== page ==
Wednesday, September 18, 2013


'THERE WILL BE ANOTHER DAY.....' By Peadar O'Donnell ; first published in January 1963.

Michael Collins pleaded a plan for evolving clear of the limitations Britain had in mind for the Irish parliament (sic) : "We will operate a dark hand within all government departments" , he told Dick Barrett, who was executed with Liam Mellows , Rory O'Connor and Joe McKelvey (pictured here) at Mountjoy Jail on December 8th , 1922 , "to make certain that all government departments push forward along national lines." By "dark hand" , Collins meant, no doubt, manipulation by the IRB ('1169...' Comment - it should be remembered that the IRB accepted the 1922 Treaty as offering that which it was fighting for and it later dissolved itself) .He became the victim of his own great gifts as a conspirator. ( '1169....' comment - the 'dark hand' by Collins, in reality, was the 'wink and nod' that he gave , as if he was 'conspiring' to carry on the fight in relation to securing a British withdrawal from the Occupied Six Counties. His actions proved otherwise.)

The road Collins took to the Treaty was a road of retreat, but what of Arthur Griffith , and how much of an influence on Collins was Griffith , or was Griffith in his eyes merely another 'Eoin MacNeill', to be pushed along by an IRB conspiracy ? Home Rule was Griffith's goal , but the 1920 Act must provide an escape from partition in the Treaty version of it before he could undertake to help guide the people back to it. The Treaty must contemplate all Ireland. Lloyd George agreed.

But the Six County Government (sic) was a fact, and that fact too must be contemplated. The Treaty would , therefore, extend to all Ireland, but it must give the Government of the Six Counties a right of choice , to stay in or opt out. Thus , in signing the Treaty, Arthur Griffith signed an instrument relating to all Ireland.(MORE LATER).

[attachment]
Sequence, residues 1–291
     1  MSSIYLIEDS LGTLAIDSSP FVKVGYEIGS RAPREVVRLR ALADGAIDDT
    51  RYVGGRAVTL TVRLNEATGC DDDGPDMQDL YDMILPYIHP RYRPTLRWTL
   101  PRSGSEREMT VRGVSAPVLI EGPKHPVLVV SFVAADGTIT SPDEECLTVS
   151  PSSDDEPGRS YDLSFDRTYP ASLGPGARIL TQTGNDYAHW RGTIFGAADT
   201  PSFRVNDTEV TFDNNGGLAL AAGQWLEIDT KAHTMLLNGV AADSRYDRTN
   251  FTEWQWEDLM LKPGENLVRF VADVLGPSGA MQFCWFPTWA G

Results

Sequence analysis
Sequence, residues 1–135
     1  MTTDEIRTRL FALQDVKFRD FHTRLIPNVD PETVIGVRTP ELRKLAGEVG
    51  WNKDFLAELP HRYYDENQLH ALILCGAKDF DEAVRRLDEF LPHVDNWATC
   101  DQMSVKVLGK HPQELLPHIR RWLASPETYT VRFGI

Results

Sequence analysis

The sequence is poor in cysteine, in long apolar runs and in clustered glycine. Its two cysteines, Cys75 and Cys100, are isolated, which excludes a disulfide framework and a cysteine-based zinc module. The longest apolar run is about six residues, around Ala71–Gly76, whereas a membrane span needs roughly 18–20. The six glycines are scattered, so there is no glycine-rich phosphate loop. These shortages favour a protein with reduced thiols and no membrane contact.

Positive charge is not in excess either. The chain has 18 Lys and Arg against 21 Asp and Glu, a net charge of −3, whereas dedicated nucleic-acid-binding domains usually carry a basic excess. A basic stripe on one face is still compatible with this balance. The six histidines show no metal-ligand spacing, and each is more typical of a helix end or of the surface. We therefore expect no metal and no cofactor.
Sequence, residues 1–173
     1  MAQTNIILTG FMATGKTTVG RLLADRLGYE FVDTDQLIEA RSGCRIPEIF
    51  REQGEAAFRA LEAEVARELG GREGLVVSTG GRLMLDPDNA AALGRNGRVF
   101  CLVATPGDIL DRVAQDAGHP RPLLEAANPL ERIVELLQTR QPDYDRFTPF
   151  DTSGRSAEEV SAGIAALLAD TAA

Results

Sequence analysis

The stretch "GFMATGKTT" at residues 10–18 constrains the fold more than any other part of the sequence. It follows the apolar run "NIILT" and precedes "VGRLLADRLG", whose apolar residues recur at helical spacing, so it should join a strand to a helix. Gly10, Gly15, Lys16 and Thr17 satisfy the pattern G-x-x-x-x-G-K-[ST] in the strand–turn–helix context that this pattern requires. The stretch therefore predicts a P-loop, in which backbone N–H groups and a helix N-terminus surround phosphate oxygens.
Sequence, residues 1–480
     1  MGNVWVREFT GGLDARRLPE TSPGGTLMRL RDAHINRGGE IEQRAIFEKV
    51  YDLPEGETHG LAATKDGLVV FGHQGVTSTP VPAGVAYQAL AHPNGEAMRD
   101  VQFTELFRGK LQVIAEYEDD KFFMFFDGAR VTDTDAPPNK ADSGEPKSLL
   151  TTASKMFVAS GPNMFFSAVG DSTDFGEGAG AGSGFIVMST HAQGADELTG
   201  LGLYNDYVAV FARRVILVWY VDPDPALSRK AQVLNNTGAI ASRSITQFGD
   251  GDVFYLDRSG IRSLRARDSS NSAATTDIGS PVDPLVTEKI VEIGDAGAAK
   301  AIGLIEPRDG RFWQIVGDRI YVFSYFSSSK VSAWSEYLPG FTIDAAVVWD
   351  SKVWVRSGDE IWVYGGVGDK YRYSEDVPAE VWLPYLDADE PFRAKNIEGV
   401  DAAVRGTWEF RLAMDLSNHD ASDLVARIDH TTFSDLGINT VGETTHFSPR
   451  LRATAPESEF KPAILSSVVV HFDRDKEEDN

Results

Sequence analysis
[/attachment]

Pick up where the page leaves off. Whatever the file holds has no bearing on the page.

By Michael O'Higgins and John Waters. From 'Magill Magazine' , October 1988.

Sometime after the SAS arrived in Gibraltar, and before March 4th , 1988 , an advisory group was formed to assist the Commissioner - this included Soldiers 'E' and 'F' of the SAS , Soldier 'G' , 'Mister M' (who was in charge of the surveillance) , and others. Over the Friday and Saturday , March 4th and 5th 1988 , a number of briefings took place of each of the elements involved in the operation , culminating in the Commissioner's own briefing of all the personnel involved, at midnight on the Saturday.

Meanwhile , Mr Canepa issued instructions that an Operational Order be prepared to cope with the situation : this was a police document outlining personnel requirements , the objectives of the operation (ie 'the arrest of the IRA ASU') and emphasising the importance of using minimum force. It also dealt with details of the surveillance operation, the defusing of the expected bomb , and procedures for gathering evidence for the subsequent trial of the IRA members.

This Order was issued to all senior Gibraltar police officers involved in the operation, including the Head of Special Branch whose officers would be armed and who was therefore instructed to give his men a detailed briefing in the 'Rules of Engagement' : those 'Rules' would be a recurrent theme of the inquest , the 'rock' upon which the Crown and soldiers' case was founded. (MORE LATER).


" One of the largest public rallies seen in Dublin for years was held by Sinn Féin at the GPO on the eve of the All-Ireland Football Final . Headed by a Colour Party and a pipe band , a parade of more than 2,000 people marched from Parnell Square through the main city thoroughfare as a protest against the continued unjust imprisonment of Irishmen without charge or trial . Contingents from all over the country took part and many carried banners and placards including groups from England and Scotland . In the Ulster section was a strong representation of the Derry supporters who thronged the capital city for the Final . One placard they carried asked - ' Why are Six-County Nationalists interned in the Curragh?' ....."(From 'An tÉireannach Aontaithe/The United Irishman' newspaper , November 1958.)

Those attending the Rally (on Saturday 21st September 2013) are requested to join same at 1.45pm at the Garden of Remembrance in Parnell Square , from where (and at which time) the parade will be leaving from to make its way to the GPO in O'Connell Street.